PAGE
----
The automotive world was a wonderful place back in the 1970s. Muscle cars were plentiful and arguably, you could label it as the golden age of motoring before the bleak 1980s turned up.
Back then, Chrysler had two versions of the Charger coupe; one under the Dodge banner that’s widely known as the fast and furious American icon and the other, made from Chrysler’s Australian operations under the Valiant branding. The Australian version had different styling, engines and suspension.
Unlike its American-made relative, the Australian (also sold in New Zealand) Charger only lasted from 1971 to 1978 as direct competitor to the iconic Holden Monaro and Ford Falcon coupe of Mad Max fame.
The prettiest iteration was the VH made through 1973 that came with six cylinder engines producing from 140hp to 302hp in R/T trim, and a pair of V8s, the 230hp 5.2L (318 cu) and the 275hp 5.6L (340 cu) in the 770s.
Would there still be a Charger offering today if Chrysler Australia kept on making cars?
Short answer is a sad no. Holden, Ford and Toyota have all abandoned manufacturing operations due to a multitude of issues with car-building in Australia. It’s still a very recent and raw subject for many involved in the industry.
It doesn’t hurt to dream, does it?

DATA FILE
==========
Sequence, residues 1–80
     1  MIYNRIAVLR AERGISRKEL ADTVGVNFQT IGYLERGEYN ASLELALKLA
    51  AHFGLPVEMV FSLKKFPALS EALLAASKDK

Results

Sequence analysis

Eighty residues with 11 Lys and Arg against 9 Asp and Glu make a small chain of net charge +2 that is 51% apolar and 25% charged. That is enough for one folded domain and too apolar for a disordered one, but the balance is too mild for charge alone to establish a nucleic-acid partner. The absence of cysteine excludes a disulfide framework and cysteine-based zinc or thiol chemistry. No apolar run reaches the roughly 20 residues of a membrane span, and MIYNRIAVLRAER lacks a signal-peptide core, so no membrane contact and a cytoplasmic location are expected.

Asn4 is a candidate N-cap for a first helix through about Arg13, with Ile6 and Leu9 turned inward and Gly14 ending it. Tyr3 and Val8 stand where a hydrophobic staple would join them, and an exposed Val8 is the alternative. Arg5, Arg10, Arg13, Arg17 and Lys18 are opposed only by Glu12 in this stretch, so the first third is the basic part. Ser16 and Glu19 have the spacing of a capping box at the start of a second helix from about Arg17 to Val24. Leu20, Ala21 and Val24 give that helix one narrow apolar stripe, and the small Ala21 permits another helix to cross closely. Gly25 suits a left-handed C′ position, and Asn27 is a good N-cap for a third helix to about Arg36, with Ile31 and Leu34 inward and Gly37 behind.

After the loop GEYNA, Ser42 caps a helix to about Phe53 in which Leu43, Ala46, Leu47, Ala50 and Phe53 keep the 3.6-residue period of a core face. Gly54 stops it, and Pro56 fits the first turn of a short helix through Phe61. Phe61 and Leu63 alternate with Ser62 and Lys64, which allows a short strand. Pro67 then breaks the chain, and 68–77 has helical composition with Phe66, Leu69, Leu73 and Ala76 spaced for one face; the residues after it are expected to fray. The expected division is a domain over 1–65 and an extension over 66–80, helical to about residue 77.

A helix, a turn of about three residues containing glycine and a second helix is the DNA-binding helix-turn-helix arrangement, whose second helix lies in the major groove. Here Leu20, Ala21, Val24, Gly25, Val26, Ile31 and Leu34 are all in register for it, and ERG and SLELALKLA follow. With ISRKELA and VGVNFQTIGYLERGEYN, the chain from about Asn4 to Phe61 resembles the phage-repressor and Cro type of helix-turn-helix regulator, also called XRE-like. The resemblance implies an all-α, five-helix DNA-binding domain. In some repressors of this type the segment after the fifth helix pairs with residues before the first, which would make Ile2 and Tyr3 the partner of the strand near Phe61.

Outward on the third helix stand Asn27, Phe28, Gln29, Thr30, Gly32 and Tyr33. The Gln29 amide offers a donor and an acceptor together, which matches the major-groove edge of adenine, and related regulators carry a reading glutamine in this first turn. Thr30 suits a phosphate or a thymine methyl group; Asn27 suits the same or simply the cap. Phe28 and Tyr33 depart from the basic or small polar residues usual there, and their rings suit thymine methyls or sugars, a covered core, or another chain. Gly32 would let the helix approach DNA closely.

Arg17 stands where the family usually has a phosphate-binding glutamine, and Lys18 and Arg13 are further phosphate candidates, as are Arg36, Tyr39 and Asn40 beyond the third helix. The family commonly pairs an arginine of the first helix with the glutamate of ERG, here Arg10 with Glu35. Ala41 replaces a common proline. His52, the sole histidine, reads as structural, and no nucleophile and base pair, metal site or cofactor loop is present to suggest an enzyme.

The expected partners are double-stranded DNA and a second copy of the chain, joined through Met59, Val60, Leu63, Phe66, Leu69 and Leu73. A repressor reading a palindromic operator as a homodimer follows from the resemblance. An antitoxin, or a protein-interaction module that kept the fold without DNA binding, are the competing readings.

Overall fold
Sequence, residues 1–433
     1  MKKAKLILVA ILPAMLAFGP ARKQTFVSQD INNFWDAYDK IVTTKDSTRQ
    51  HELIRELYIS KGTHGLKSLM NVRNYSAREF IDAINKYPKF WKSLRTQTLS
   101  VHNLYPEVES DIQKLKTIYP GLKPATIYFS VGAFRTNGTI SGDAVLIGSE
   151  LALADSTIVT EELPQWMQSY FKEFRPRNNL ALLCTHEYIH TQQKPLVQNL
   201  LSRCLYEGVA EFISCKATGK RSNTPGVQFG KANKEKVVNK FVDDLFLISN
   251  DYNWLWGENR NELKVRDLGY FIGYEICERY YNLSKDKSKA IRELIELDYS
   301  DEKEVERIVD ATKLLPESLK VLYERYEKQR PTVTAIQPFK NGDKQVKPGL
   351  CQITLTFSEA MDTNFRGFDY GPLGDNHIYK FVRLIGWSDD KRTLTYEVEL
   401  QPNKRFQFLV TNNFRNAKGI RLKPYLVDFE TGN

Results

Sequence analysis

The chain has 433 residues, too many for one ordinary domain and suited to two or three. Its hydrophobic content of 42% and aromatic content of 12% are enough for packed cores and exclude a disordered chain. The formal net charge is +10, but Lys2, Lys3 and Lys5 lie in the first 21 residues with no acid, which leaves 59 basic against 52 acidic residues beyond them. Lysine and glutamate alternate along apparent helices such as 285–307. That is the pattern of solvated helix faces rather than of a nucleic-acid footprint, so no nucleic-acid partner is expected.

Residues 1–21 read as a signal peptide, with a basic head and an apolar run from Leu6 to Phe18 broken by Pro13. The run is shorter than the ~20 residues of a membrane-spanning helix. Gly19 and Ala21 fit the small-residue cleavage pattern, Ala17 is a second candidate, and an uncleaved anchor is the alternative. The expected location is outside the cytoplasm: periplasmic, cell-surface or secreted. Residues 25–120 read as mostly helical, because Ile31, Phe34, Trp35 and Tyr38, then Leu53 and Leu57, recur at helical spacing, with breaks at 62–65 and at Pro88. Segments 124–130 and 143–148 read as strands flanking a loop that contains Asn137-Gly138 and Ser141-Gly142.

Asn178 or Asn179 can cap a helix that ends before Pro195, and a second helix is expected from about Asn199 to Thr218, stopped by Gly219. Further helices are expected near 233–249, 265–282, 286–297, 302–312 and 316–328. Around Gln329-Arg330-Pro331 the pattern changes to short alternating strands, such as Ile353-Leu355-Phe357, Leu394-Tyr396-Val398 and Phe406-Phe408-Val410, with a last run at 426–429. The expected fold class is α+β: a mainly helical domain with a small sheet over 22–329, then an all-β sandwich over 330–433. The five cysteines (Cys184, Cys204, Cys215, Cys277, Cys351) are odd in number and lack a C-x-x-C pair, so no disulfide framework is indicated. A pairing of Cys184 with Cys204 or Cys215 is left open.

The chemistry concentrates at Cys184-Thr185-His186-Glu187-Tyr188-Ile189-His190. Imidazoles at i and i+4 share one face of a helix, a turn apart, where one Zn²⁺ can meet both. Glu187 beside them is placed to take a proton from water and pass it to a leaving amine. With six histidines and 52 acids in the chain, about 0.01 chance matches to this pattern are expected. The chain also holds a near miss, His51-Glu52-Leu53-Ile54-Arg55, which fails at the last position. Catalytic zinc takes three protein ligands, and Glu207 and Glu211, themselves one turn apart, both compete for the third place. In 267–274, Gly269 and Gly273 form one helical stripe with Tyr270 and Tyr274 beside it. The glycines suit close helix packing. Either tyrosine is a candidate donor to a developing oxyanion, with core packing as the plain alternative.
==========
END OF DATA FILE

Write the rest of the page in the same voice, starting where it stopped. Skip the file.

Luckily on the bright-side, dreams are free, so what could a modern day Valiant Charger look like if production realities weren’t an issue?
Our illustrated reimagining takes the best of old and infuses them into a retro-futuristic look. One element emphasized in this study – feel free to call it the 2020 Valiant Charger – are the vertical black stripes on the front fenders. Here they’ve been reworked into a glossy black panel that rises up over the car whilst forming part of the hood vents.
Frontal styling is very in-your-face, with an emphasis on width by using horizontal grille bars, bumper cutouts and LED headlights. I’ve kept the fastback profile and re-used those louvered inserts in the c-pillar for visual interest.
One of the best attributes of the ’70s Charger is its back end; here I’ve retained the flying-buttress appearance with a curved rear window and flat trunk lid. Large black sections, squared-off rear fenders and LED tail-lights complete the imposing picture.
Of course it would come with a Hemi V8!
Of course, the more civilized amongst us would be fine with 300 or so horsepower 3.6-litre Pentastar V6 and its 8-speed ZF auto or even a performance hybrid. The latter would make sense in the world of stricter emissions targets and environmental concerns – cue guilt-free motoring with looks to kill.
Although like all things that must come back to earth and taking a step back into reality, could Chrysler have two muscle coupes in their lineup? In today’s climate it would be a hard one to pull off. But it must be said that the Challenger is getting long in the tooth and needs replacing… are you listening FCA?
Share your thoughts on this design study and tell us what was your favorite muscle car from the ’70s.